Posted on Thu, 08/06/2015 - 18:15

I just noticed that, whereas I had a warp that followed a straight line and was pretty much in the center of the heddle eyes early on, now it looks like all the threads are slightly bowed in their path to the breast beam.  I'm going to put the supports and pins back in place and make more adjustments.  Anyone more experienced please feel free to jump in!

Posted on Thu, 08/06/2015 - 20:03

Just maybe, if this is your first experience with a countermarche loom, you might try using only four shafts and six treadles. This means only 24 connections to troubleshoot and will make the functionality of your loom more clear as you weave.

The tieup for this is tabby on with treadles 1 & 6 or treadles 2 & 3 with the other four set up for 2/2 twill 1/2, 2/3, 3/4, 1/4. This will do many structures and you can see clearly what is going on. With 8/8 you have 64 connections and with 10/10 you will have 100. AFter you've come to terms with four shafts and six treadles, you will have no difficulty adding to your loom for more complex projects.

Posted on Thu, 08/06/2015 - 21:52

Hi Sara, 

Actually I have woven with this loom on four shafts.  I just haven't done much changing of the tie-up on this loom.  You're right... it's a lot harder to troubleshoot the tie-up for eight shafts!  

I decided to go from four to eight shafts at this time because I have some yardage that needs to be woven- on eight shafts- by September.  My other eight shaft loom is just an inch or two wider than the width of fabric I'll be weaving; I think I'll get a better fabric on the Glimakra.  I didn't want the warp that I learn to tie up eight shafts on be the warp for this special project; thus the shawl in tabby that can be woven off in a couple of hours tops so I can get on with this next project.  Hope that makes sense.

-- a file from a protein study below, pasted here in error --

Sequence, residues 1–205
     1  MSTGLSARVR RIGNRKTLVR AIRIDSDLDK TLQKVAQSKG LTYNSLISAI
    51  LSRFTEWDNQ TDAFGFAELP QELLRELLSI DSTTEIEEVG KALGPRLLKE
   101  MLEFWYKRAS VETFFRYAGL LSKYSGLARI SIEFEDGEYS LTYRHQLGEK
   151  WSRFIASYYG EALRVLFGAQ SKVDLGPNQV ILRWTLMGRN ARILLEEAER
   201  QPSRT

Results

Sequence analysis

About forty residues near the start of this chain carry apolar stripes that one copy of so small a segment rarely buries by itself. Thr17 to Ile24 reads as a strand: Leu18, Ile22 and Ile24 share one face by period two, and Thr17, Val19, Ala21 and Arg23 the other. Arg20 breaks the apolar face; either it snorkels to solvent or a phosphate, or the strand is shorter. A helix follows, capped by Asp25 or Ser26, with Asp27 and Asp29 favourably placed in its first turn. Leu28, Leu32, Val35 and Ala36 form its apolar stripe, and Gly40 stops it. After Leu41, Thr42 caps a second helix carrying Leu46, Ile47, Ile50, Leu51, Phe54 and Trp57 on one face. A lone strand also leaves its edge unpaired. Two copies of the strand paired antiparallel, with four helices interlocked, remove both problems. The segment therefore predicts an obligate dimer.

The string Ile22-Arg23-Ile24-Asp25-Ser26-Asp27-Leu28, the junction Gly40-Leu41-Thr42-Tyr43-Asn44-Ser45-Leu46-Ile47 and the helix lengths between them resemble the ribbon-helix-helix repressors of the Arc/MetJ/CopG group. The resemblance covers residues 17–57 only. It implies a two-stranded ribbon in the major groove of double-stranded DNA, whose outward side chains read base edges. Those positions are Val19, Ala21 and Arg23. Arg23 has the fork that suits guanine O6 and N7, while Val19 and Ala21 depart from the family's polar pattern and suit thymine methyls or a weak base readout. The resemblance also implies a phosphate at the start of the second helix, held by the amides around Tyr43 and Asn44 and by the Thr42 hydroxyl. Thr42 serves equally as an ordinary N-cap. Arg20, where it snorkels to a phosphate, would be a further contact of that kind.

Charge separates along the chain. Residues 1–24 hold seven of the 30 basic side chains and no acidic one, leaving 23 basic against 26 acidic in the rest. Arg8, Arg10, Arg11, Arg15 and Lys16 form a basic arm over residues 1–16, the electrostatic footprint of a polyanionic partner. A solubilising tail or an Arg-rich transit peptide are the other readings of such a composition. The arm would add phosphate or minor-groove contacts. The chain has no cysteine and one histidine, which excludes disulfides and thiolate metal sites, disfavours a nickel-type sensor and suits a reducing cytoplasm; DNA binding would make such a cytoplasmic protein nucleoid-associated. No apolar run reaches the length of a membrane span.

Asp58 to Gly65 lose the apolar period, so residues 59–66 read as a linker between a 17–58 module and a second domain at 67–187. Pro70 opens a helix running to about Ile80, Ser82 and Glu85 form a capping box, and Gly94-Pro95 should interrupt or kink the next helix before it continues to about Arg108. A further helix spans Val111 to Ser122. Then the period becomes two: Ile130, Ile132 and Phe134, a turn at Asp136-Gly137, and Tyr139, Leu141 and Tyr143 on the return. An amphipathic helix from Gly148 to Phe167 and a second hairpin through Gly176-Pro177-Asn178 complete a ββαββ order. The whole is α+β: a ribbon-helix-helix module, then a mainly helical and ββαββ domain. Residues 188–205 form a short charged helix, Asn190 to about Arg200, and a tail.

Posted on Fri, 08/07/2015 - 03:55

I had a lot of troubles when I was tying up 8 shafts and finally decided it was time for a lesson.  So, off to Montana I went to visit Joanne Hall.  All of my 8 shaft tie-ups are now great.  As Kerstinfroberg states, shaft no. 8 should be taught, 7 slightly looser, 6 looser than 7, and so on.  My understanding is the top of the shed isn't as important to be all the same height as the bottom of the shed where the shuttle runs across.

 

There were suggestions on Weavolution to place the pins in at the lamms, but I have found that I do get a better/even shed if the pins are underneath the treadles. 

 

Hope these suggestions help and you can get back on track.

 

Dorn =^.^=

Posted on Fri, 08/07/2015 - 04:54

I'm not sure if this will help, but I had similar problems and solved it by raising the headdles so that the warp threads went through the center of the eye of the heddle.  I realized that some of the warp threads hit against the bottom supports for the headdles.  I raised each of the shafts just a bit, being sure that the warp threads did not touch the bottom of the eye of the heddle, and it solved my problems.

Posted on Sat, 08/08/2015 - 11:23

I'd like to post a follow up.  I find the posts in these forums so helpful so it makes sense to share what seems to have worked for me.  I had a phone consult with one of my local mentors who weaves on a Glimakra.  

There were three things that I decided to change based on our conversation.  First: she suggested that I remove the shaft supports prior to tying up treadles.  (I know that Joanne's book says to keep them in for tie-up and would love to hear her comments on this).  

Second, I cut back to just two treadles: one to raise 1-3-5-7 and the other to raise 2-4-6-8.  This is also counter to what I've read should be done with a multi-shaft countermarche loom.  

Third: her method is to tie-up starting with shafts one and two, then three and four a little looser, etc.  I had been starting from the back shafts in each of my unsuccessful tries.  I had also tried tying up successive treadles as opposed to successive shafts.

I don't know which one or more changes in my tie-up was responsible... and at rest things do not look good... but I got a good shed with an even floor and have woven thirty-some inches on my prayer shawl.